<< -- 2 -- Keith Bramich AN AFTER-SUN EXPERIENCE
formally-dressed and rather serious-looking young men, in a close semi-circle,
centred the first half of their concert on mainstream 'classical' fare --
music by Gounod, Tchaikovsky, Schubert, Saint-Saëns and Sibelius -- but
topped and tailed by lesser-known music. To begin, two pieces by Kranjska-born
Jacobus Gallus (1550-1591): Ascendit Deus, fast and madrigal-like, and
the solemn chordal O Salutaris Hostia.
Before the interval, music by
three Slovenian composers spanning the nineteenth and twentieth centuries -- Zorko
Prelovec (1887-1939), Fran Gerbic (1840-1917) and Janko Ravnik (1891-1982).
The Slovene Octet acknowledging applause at the end of their concert in the visually striking Rector's Palace Atrium at the 2003 Dubrovnik Festival. Photo © 2003 Keith Bramich
The group seemed rather more at ease in the second half, consisting mostly of
traditional songs from Slovenia, Slovakia and Sweden, but beginning with music by
two twentieth century Slovenian composer/conductors -- the lush harmonies of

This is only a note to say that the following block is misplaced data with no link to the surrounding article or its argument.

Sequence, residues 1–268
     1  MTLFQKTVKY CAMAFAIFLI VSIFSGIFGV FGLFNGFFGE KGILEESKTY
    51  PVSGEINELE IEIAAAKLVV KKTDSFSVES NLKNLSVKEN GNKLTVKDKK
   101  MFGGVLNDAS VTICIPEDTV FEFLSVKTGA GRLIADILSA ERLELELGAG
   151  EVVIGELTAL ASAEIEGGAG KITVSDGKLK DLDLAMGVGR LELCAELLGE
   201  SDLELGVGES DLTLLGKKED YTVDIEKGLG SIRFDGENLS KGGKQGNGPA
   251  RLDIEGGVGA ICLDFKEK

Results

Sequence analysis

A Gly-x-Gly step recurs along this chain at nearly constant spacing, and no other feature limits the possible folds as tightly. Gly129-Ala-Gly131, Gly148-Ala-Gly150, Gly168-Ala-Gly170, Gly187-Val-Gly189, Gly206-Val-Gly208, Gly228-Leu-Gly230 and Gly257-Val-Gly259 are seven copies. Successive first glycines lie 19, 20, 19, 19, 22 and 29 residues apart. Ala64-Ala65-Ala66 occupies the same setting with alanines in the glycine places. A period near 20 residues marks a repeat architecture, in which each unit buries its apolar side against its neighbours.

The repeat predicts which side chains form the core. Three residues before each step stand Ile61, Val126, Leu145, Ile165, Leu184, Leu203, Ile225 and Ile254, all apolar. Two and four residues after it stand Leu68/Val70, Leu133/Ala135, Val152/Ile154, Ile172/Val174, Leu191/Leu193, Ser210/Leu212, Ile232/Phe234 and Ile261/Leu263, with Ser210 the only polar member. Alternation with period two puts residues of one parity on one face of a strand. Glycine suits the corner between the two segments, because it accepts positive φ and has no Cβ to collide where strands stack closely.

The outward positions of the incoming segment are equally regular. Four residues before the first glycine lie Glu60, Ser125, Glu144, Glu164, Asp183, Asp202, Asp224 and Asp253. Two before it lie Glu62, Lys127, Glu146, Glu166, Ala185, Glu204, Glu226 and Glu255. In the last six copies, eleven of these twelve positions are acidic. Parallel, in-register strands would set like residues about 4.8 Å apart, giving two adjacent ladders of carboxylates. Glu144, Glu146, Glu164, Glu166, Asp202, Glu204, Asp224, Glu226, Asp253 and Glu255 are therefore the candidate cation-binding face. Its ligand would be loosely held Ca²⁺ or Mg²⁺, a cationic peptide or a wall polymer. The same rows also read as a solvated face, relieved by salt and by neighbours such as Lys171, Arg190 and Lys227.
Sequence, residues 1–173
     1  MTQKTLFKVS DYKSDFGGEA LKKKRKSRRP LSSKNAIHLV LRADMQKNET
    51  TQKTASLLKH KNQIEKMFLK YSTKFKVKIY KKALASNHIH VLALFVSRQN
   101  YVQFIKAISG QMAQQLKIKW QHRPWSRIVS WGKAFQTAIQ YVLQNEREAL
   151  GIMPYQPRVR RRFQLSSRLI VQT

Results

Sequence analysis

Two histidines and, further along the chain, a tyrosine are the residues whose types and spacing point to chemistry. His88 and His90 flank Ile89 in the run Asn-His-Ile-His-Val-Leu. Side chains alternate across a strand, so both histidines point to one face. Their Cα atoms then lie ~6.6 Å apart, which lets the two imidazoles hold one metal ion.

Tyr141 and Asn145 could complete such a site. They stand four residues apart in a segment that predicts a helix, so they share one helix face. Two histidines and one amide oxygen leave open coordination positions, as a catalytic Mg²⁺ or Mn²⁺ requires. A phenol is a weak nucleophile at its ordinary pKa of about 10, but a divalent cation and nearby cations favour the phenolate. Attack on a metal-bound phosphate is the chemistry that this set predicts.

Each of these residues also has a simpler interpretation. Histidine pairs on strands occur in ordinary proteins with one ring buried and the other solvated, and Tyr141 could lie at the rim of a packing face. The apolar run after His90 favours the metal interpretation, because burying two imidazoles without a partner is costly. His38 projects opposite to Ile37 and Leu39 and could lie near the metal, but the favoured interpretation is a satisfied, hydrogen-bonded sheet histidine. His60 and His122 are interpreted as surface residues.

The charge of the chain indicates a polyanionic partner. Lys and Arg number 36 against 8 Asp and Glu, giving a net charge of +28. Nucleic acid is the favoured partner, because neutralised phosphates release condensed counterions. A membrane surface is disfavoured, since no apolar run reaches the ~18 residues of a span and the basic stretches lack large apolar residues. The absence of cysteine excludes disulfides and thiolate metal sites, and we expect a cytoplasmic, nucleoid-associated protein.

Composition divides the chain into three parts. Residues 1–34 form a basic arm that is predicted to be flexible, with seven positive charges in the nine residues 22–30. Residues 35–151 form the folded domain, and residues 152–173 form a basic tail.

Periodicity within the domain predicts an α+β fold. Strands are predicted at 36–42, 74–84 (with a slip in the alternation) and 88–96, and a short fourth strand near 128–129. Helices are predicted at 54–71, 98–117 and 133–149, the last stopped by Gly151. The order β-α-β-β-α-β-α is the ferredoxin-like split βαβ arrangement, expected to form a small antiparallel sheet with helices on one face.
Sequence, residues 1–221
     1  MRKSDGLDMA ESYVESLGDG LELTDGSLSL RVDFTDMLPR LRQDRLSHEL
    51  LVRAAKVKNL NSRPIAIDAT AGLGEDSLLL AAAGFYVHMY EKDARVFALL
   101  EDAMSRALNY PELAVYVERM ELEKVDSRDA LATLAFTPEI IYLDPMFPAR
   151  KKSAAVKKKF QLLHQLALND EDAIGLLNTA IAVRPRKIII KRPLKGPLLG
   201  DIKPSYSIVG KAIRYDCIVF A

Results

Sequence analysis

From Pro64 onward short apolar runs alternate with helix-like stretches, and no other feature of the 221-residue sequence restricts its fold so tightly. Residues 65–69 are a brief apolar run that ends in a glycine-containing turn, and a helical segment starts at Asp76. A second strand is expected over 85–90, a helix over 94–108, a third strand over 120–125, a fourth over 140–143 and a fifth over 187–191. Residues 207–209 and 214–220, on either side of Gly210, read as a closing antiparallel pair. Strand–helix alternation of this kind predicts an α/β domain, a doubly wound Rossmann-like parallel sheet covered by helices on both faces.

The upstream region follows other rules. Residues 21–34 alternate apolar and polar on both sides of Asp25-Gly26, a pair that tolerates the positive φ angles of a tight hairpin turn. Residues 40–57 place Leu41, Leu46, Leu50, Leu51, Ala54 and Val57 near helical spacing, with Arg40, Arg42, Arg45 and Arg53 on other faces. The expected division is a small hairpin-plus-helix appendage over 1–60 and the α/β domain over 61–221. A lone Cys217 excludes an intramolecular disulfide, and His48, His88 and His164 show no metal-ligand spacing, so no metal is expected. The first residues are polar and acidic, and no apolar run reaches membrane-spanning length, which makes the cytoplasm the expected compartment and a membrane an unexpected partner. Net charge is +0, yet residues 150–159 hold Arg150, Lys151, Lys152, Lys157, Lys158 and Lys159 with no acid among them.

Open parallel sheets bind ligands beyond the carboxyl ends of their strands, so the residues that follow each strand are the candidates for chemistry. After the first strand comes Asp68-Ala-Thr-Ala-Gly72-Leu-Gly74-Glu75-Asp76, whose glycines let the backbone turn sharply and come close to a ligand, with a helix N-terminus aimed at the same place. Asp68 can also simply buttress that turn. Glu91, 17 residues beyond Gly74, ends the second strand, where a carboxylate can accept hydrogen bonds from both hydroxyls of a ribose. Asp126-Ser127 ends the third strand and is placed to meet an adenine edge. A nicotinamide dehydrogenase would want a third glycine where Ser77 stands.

Pjesma Galebu by Rado Simoniti (1914-81) and
the light and humorous V Gorjah Zvoni by Bojan Adamic (1912-1995).
A jazzy arrangement by Mario Rijavec of the folksong O Waly Waly --
also set by Benjamin Britten -- highlighted some problems with the group's
diction, at least when singing in English.
The concert ended (apart from three generous encores) with Lind(z)o --
a short piece by
Dubrovnik-born composer, music critic and lawyer Vladimir Berdovic (1906-80) --
a re-working of a movement from the orchestral suite Kroz stare dubrovacke
ulice (Through the streets of Dubrovnik). According to programme note
writer D Detoni, the piece mimics the sound of the lirica, a folk instrument
from the Dubrovnik region. Fast and (mostly) quiet,
with sectional solos and occasional shouts, it sounded to me like the depiction
of a rather eventful ride on a four-legged animal. I didn't see
any horses in Dubrovnik, but the old walled town is delightfully free of motorised
vehicles of any sort, and many of the smooth light cobble stones (worn down by centuries
of busy feet) form the floor for improvised al fresco restaurant
tables, often even in the narrowest of streets.
Dining out al fresco on Dubrovnik's side streets. Photo © 2003 Keith Bramich
Copyright © 31 July 2003
Keith Bramich, Worcestershire, UK